Destination: Paris
Ernest Hemingway – A moveable feast

Other books I read by this author: The old man and the sea, The sun also rises

It took me a while to pick up a book by Hemingway. Glance at a random Books-You-Absolutely-Must-Read list and at least one of his books will be mentioned, which usually peaks my interest. For who am I to judge the opinion of the majority (spoiler-alert: I secretly think I am very much to judge). But something was holding me back and it was probably the reputation of the writer.

In popular culture it seems stylish to refer to Hemingway as a book read by men™; a writer who knew what it was to be macho. The last of the real men, the ones who drank whiskey instead of coffee. With this in mind, you can imagine that I figured that his books were not written for the likes of me.

Do you recognize yourself in my idea and fear of Hemingway? Do you walk quickly past the H in the library as if you have just spotted a student with a clipboard and a Greenpeace-windbreaker coming your way? Then I am here to convince you to cut him some slack. Pick up one of his books. It is true that the books seem to feature ‘masculine’ subjects like fishing, bull fighting and drinking while driving. And sure, if you tend to like romantic stories with a (bitter)sweet ending, it might not be al you hoped for. But let me tell you, this man can set a scene. 

As you might know, Hemingway is not known for his long descriptions. His writing is concise and to the point. He tends to keep it factual and leaves out what can be imagined. It might not be for everyone, but for me it worked like a charm. I gave my imagination room to envision Hemingway’s Paris of the 1920’s.

“If you are lucky enough to have lived in Paris as a young man, then wherever you go for the rest of your life, it stays with you, for Paris is a moveable feast.”

It might be for the same reasons that artists seem to flock to Paris, I’m drawn to books that describe it. This is especially true for the city in the 1920’s (les Années folles), which would be on my list of places to visit if the rules of time did not exist. This book functioned as an effective alternative to a time machine. A moveable feast transported me to the Paris of the Lost Generation. While reading the book, it felt like Hemingway was talking to me as to a friend, describing his life and his interactions with people like Gertrude Stein, F. Scott Fitzgerald, Sylvia Beach and Ezra Pound, in a natural and even somewhat self deprecating way.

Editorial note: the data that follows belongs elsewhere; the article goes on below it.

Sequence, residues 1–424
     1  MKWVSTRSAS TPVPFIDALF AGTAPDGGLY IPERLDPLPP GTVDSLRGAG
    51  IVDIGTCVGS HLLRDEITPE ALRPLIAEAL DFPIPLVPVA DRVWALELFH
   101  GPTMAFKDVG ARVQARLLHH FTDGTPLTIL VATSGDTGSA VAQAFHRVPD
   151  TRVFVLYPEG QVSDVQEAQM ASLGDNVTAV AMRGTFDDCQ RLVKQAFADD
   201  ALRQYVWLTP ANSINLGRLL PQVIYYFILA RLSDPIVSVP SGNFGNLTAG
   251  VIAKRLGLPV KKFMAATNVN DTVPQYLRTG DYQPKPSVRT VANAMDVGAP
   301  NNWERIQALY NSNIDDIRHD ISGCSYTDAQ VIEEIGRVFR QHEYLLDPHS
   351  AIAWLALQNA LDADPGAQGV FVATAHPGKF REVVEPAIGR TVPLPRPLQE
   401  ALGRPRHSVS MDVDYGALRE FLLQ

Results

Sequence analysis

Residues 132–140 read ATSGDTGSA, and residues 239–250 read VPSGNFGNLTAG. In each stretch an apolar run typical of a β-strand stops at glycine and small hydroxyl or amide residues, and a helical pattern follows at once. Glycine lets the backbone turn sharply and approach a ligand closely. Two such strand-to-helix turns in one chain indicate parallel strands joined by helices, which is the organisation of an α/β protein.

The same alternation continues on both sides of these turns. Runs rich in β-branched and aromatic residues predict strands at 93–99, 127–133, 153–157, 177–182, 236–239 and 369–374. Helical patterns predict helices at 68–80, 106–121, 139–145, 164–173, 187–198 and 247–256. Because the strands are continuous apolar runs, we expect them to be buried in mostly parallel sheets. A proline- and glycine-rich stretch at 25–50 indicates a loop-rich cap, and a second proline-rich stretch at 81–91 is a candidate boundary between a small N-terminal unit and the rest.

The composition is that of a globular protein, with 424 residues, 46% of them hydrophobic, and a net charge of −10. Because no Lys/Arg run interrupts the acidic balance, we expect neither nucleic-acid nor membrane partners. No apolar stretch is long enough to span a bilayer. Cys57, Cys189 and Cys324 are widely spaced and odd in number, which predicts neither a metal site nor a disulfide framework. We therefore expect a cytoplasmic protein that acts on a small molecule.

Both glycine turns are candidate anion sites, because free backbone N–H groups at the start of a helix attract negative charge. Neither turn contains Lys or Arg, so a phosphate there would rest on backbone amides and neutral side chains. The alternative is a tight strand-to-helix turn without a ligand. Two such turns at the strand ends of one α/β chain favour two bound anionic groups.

As the writer states, this book is a work of fiction, but it is very much based on Hemingway’s actual experiences during that time. This was the period in which Hemingway stopped working as a journalist and started to write full time. The uncertainty about (the viability of) his career choice is the red thread through the short, moving and humorous stories that comprise this book.

Sidenote: The version that I read (Arrow, June 2011) contained several fragments at the end of the book, including 11 versions of the way he tried to explain that the book was a work of fiction. Some versions very similar, but none the same. When I read a particularly good book, I sometimes get a feeling of discouragement; I am certain that I will never be able to write something as profound as the sentences I just read. Reading all these versions made it so much more real for me that even great writers don’t get it right the first time.

Image: Nil Castellvi via Unsplash